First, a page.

Public Safety Pool could be substantial.[190] While grandfathering existing school operations in the
Industrial/Business Pool would appear to alleviate this concern, prohibiting new applicants from holding
authorizations in the Industrial/Business Pool could have an unintended adverse impact on school
eligibility for frequencies above 800 MHz.[191] Because the record is not developed as to the impact such a
change could have to existing school operations in the 800 and 900 MHz bands, particularly as to school
operations in the 900 MHz band where there is no Public Safety category, we will not delete school
district and authority eligibility from the Industrial/Business Pool.[192] Finally, pending applications,
including waiver requests filed by Park districts and authorities, will be subject to the rule changes
adopted in this Second Report and Order.[193]
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  #25 (permalink)  
Old 03-11-2013, 3:35 PM
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My pleasure, John! I usually don't get to be as helpful as I'd like.

If you go a little outside Missouri, you'll find that UHF public safety isn't much better, except maybe for Limitation 44 channels, and even they are getting scarce in some places. The 6.25 kHz channelization on UHF helps tremendously versus the 7.5 kHz for VHF.

It seems that with the migration to cellular and other non-LMR modes (and sadly, a bit of businesses drying up in some places), the business frequencies are in better shape than public safety to be "refarmed."
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  #26 (permalink)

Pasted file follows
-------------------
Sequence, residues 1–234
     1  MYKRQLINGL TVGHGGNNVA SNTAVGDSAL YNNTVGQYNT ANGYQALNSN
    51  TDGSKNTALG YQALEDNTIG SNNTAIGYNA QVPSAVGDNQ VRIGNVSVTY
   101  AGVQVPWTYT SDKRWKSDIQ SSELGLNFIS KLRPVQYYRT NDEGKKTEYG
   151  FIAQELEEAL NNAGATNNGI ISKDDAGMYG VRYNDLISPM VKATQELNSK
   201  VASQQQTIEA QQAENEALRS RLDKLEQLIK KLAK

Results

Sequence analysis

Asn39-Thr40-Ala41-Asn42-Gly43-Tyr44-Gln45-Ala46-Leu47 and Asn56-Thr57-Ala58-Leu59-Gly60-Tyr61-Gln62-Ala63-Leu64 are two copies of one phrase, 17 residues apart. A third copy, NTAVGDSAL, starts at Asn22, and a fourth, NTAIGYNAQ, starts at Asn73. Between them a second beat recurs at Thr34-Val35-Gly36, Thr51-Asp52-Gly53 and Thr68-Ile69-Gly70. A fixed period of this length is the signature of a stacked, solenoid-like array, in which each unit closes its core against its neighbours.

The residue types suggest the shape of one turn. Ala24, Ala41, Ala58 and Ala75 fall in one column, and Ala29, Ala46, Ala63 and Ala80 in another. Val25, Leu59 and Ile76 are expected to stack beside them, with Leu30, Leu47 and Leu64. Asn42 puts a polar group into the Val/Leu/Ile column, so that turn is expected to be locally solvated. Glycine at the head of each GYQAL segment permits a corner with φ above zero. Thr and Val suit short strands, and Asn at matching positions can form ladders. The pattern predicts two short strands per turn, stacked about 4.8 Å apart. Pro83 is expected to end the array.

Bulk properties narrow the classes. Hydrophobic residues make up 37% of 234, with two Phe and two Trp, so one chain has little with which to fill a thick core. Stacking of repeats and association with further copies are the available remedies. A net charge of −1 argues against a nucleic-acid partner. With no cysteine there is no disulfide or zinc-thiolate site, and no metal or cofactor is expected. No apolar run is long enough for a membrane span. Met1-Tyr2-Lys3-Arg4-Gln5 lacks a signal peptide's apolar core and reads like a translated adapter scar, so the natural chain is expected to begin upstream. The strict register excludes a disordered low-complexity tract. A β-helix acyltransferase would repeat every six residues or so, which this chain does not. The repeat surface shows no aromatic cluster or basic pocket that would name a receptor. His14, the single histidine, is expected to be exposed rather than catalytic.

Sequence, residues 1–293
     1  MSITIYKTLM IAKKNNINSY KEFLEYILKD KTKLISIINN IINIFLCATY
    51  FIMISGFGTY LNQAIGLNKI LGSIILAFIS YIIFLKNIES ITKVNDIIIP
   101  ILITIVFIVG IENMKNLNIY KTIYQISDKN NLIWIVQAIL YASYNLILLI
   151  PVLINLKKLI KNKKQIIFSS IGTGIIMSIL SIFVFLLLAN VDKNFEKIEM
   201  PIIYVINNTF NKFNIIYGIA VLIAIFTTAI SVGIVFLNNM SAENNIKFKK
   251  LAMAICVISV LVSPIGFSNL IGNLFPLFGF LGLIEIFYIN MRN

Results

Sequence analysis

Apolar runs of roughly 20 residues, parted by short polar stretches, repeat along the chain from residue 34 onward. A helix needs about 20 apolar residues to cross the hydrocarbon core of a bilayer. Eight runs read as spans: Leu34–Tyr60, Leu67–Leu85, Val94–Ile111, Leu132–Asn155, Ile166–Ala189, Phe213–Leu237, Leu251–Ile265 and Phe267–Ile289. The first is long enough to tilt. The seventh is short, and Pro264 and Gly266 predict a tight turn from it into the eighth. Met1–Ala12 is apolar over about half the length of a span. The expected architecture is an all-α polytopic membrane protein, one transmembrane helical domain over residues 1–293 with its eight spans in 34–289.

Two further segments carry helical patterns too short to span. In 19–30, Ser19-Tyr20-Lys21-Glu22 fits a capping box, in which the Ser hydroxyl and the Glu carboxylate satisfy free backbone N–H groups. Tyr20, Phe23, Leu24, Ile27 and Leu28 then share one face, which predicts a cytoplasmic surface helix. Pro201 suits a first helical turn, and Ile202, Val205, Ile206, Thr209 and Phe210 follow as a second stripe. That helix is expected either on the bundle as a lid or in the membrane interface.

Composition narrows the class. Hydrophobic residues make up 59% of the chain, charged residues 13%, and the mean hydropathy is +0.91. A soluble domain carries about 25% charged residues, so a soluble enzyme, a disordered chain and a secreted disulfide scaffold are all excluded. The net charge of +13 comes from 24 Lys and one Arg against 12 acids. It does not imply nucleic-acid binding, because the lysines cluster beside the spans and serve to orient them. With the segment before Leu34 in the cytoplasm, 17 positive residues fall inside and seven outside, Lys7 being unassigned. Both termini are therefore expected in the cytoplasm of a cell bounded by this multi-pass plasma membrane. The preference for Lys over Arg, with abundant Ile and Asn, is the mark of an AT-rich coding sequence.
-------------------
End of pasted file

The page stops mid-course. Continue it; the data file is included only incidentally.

Old 03-11-2013, 9:48 PM
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It's always good when you (me) miss something, or hadn't heard of it, someone with more info posts the missing info. Thanks 902
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Old 03-12-2013, 12:55 PM
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Mahwah to get radio fix linking school district into township units - NorthJersey.com
Follow up in newspaper today. Looks like the PD bought 3 NxEdge Radios 2 for Units and 1 for the Police desk.
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  #28 (permalink)  
Old 03-12-2013, 3:07 PM
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Question Was privacy the "real "issue?

Quote:
Originally Posted by Alarmguy View Post
Mahwah to get radio fix linking school district into township units - NorthJersey.com
Follow up in newspaper today. Looks like the PD bought 3 NxEdge Radios 2 for Units and 1 for the Police desk.
Hmmmm...Well that’s just fine and dandy. The Police can now talk to the school on “their” NXdn system. Wonderful for inter-ops and that God forbid emergency.

However, since this mode is not easily monitored by any digital scanner (unless one obtains the proper software, cable, a little electronics expertise to “tap” the decimator, digital mode conversion box if necessary and depending on the actual receiver/scanner), an easy task for some but not all scanner hobbyist.